Take the 2-minute tour ×
English Language & Usage Stack Exchange is a question and answer site for linguists, etymologists, and serious English language enthusiasts. It's 100% free, no registration required.

Let's say I'm doing some research on something on Google. Do I say I'm searching on or searching for something on Google?

share|improve this question
add comment

3 Answers 3

up vote 5 down vote accepted

It's search for. In fact, this is the first time I see search on at all. And indeed, as a quick-and-dirty check, the Corpus of Contemporary American English has a measly 217 cites for "search on" (as opposed to 10.220 for "search for"). The British National Corpus has 39 and 2028 cites, respectively.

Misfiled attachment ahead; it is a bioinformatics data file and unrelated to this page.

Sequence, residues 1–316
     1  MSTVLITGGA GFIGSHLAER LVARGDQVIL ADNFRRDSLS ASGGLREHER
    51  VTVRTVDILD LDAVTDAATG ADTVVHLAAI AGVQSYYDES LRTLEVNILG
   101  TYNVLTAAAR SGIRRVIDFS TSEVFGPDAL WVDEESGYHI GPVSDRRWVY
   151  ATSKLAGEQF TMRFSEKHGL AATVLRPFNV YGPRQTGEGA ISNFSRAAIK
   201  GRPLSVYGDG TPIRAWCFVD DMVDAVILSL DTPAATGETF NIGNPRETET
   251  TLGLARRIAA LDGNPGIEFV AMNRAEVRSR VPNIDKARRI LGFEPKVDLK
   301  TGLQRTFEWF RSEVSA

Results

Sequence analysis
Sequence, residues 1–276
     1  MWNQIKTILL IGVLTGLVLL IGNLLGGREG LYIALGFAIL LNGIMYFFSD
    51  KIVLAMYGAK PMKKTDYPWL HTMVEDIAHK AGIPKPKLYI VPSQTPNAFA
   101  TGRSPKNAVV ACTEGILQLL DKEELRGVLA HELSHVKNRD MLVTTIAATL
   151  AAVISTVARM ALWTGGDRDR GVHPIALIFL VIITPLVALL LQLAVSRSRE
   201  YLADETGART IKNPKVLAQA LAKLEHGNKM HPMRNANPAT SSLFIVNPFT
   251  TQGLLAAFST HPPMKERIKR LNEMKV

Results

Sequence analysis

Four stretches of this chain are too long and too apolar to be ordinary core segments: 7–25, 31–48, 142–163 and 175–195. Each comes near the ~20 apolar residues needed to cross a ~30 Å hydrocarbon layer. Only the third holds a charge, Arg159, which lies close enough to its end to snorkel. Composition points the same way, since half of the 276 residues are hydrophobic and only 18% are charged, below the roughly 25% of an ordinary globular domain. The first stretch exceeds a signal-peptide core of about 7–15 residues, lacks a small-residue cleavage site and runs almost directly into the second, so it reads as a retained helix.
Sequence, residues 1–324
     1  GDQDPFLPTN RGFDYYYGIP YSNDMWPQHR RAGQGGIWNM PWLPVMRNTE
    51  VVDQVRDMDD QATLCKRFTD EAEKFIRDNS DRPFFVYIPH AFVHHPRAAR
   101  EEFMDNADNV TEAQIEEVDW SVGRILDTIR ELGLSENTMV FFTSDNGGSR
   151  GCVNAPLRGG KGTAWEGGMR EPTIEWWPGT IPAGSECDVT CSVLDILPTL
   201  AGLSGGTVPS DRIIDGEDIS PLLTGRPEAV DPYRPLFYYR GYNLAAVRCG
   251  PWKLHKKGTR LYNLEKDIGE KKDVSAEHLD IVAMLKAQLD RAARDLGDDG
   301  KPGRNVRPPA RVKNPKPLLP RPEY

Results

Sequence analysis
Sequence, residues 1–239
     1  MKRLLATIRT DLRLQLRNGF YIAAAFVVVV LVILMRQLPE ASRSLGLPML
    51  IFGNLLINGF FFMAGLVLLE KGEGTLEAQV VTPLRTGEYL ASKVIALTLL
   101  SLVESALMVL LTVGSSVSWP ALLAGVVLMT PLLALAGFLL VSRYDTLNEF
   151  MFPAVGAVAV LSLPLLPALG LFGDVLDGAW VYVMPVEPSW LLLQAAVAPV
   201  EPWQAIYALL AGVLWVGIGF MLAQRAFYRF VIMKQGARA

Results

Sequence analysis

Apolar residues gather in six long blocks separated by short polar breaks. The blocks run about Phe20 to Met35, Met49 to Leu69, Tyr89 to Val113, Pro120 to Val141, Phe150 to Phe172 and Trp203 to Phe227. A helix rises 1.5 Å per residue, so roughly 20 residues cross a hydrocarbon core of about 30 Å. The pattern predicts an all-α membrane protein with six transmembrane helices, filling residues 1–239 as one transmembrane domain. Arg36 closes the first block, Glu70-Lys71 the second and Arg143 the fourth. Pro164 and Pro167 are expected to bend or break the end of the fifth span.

share|improve this answer
    
I think "search on" is perfectly normal usage where the particular search engine (or search facility within an application) is not a variable to be considered. In such cases, "search on [some search text]" might sound a little "technical" compared to "search for", but it doesn't seem at all "odd" to me. Mind you, I don't have a problem with "search with [some text]" in that context either, so I'm probably a bit more liberal than most. –  FumbleFingers Sep 25 '11 at 18:16
add comment

You're searching for something on Google, or you're googling something.

share|improve this answer
add comment

When regarding search in general, it is not uncommon to 'search on (field or criteria) to find (desired result)'

Search on the 'Sent On' field to find email that was sent last March.

share|improve this answer
add comment

Your Answer

 
discard

By posting your answer, you agree to the privacy policy and terms of service.

Not the answer you're looking for? Browse other questions tagged or ask your own question.